Few tips on how to ensure children remain attentive in class

To begin with I have always found speaking loud, shouting, screaming etc generally makes the children or even adults to follow the tone. Keeping a check on the tone is very essential. One can be audible and yet be clear when in the classroom. For e.g., to bring back a child’s attention to the classroom establishing eye contact and a simple nod without being verbal is sufficient to establish attention in the classroom. Teachers too should come in after doing some breathing exercise themselves.

Listen to your breathing. I can hear my breath, can you? Demonstrate to children by closing your eyes how when you breathe your chest goes up and down. Wow!! I could listen to my breath and I am feeling good. The teacher will have to go up to kids who require help or understand what is listening to the sound inside. Deep breathing can be done (inhaling & exhaling) four times.

Some children may not wish to close their eyes. Gently check if they are fine keeping their eyes closed. The teacher will have to goes up to the child and ensure speaks in a low voice. Not to force any kid to keep their eyes closed but reassure them it is fine as they are – reason is children feel insecure when asked to close their eyes.


Here are few attention exercises which will help children remain focused.

The children can be either standing or sitting. As a source of sound we use an old-fashioned clock, a small bell, or simply the sound of our voices. With their eyes closed, the children have to find out where the sound comes from and move their bodies to turn their faces towards it. We then move the source of sound around and the children turn to face it. We do this so that the children are trained to keep their attention on the sound.

When we do the exercise with the children sitting with their eyes closed, we ask them to point to where the sound comes from with one finger, without turning to face the sound. Because the exercise requires a dissociation between the attention and the eyes (even though they are closed), at the beginning there are children who are not able to point to where the sound comes from without facing it. When all the children are able to dissociate, we ask them to raise or lower an arm to indicate when the sound is far away or near them.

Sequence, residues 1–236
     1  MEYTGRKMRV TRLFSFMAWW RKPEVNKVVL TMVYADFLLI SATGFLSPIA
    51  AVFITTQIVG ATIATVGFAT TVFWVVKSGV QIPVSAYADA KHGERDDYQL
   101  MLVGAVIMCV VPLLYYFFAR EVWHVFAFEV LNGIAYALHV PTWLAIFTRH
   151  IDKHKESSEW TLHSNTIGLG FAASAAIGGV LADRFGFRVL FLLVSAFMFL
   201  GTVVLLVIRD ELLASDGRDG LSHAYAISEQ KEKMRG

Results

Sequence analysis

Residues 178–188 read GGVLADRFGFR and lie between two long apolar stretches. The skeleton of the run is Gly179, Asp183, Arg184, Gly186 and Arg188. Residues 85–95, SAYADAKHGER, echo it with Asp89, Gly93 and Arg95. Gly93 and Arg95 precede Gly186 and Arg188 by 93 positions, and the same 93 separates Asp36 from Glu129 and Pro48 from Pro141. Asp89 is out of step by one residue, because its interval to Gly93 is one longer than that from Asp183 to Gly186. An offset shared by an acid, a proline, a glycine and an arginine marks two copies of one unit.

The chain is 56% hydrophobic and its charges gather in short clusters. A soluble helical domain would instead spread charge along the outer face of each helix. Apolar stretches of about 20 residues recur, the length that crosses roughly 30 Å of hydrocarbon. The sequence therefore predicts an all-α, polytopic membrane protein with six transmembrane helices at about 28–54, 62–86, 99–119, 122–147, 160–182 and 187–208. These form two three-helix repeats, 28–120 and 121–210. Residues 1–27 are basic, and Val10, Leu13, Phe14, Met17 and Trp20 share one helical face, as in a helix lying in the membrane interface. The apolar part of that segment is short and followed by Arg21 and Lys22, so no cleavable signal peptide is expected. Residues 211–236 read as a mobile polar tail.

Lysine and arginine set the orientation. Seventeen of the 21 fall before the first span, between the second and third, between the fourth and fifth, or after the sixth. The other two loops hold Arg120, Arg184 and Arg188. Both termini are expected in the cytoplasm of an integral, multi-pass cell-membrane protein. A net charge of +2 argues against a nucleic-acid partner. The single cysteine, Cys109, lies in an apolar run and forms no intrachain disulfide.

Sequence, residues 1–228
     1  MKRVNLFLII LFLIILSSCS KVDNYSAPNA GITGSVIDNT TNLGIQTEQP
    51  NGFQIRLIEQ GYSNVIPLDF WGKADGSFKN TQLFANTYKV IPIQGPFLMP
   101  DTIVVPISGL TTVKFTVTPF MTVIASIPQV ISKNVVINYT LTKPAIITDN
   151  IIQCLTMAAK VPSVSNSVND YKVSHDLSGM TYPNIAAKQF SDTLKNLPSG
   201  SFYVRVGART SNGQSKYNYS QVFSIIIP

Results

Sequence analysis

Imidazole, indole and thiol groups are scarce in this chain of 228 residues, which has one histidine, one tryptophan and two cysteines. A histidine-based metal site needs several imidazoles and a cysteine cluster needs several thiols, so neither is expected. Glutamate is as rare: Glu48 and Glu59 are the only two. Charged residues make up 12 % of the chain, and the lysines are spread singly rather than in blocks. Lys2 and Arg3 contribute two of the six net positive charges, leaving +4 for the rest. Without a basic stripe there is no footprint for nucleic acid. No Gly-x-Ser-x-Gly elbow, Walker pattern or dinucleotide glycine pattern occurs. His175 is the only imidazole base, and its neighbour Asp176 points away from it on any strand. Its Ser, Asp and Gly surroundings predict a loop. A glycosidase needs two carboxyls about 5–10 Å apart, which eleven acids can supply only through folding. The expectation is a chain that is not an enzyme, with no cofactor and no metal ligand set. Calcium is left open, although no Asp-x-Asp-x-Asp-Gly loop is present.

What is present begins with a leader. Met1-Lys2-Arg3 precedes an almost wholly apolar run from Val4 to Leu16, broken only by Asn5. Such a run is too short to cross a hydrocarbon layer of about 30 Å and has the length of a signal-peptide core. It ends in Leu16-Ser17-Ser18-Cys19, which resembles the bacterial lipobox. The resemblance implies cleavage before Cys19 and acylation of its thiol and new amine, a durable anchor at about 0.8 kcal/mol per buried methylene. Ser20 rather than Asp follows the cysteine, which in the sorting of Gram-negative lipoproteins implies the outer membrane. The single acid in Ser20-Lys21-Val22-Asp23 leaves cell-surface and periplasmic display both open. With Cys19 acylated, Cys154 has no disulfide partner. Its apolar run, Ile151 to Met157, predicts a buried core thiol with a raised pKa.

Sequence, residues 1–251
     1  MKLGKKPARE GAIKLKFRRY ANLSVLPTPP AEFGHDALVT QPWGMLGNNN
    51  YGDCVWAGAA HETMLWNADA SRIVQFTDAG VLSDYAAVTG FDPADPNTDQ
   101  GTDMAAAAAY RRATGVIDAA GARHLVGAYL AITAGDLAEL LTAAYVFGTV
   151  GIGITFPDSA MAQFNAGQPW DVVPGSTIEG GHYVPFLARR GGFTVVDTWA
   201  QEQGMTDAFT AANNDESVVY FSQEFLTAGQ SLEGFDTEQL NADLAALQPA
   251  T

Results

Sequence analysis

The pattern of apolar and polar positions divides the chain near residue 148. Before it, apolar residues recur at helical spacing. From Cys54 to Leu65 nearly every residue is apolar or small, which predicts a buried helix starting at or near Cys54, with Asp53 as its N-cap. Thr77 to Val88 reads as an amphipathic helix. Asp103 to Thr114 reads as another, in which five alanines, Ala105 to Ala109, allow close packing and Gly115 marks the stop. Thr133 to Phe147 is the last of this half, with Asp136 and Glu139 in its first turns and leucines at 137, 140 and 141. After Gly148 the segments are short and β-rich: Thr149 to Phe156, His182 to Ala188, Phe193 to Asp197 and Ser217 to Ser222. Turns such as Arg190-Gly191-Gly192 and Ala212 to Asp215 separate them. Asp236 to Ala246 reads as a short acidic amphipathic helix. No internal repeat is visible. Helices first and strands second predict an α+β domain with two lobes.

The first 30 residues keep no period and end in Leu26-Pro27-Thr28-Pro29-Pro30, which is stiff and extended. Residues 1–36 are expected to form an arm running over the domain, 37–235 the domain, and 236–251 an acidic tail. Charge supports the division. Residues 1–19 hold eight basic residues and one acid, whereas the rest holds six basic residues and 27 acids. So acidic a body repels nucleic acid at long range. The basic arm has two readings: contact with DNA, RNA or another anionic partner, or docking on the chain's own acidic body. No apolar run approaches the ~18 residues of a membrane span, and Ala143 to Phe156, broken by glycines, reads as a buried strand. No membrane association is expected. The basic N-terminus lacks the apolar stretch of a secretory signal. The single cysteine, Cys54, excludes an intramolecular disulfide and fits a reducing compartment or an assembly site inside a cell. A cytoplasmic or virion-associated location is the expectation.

Moving attention: children love doing this.
The teacher goes to one wall of the room, the students to the opposite wall. The teacher asks the children to run towards him and then to run back, noticing how they do this. After repeating this a few times the children sit on the floor along the wall, close their eyes and the teacher says: “Now come with your mind to the place where I am. When you reach me signal by putting your band up. “When everyone has arrived we continue, “Now bring your hand down and go back to your body; when you reach it signal again by bringing your hand up once more.” After the exercise we ask for feedback from the children about what they did, how they did it and what they experienced. Now, the children realize very clearly that attention can be moved and that when the attention moves there is a physical sensation of something moving in oneself. For instance, a seven year old told us: I really felt something going away from e and then coming back on top of me. Another child of the same age said "A light was going away from me, I know it touched the other wall and I made a sign; I made a sing again when the light came back to me."
The above exercise can be done with children visiting their favourite food shop like pizza hut, KFC, Burger King etc…The teacher starts building up a story of a visit to the food shop. The children are asked to keep their eyes closed and asked to visualize the visit. They use all their five senses to use while visualizing. The aroma, the flavours, listening to the order when placed, waiting for the food to come, feeling the food through touch, tasting the food, looking around and at the food while waiting.
The children can be encouraged to visualize the classroom and the teacher in order to recollect what the teacher said during the class which the child has missed.

Memory Games:
Make 10 different sounds like the sound of a chime, coins in the box, tapping and many other similar sounds, just once, for about 7 – 8 minutes. Then go around checking how many sounds the child was able to pick up. 6 is a good number.

Story Games:
Play a story on the multimedia screen. Once the screening is over check with the children if they enjoyed the story. Check for the response and say lets tell it to each other. The teacher begins the story and passes the game to next kid who will say one more line about the story. The chain continues until the story is over and all the children have said atleast one line.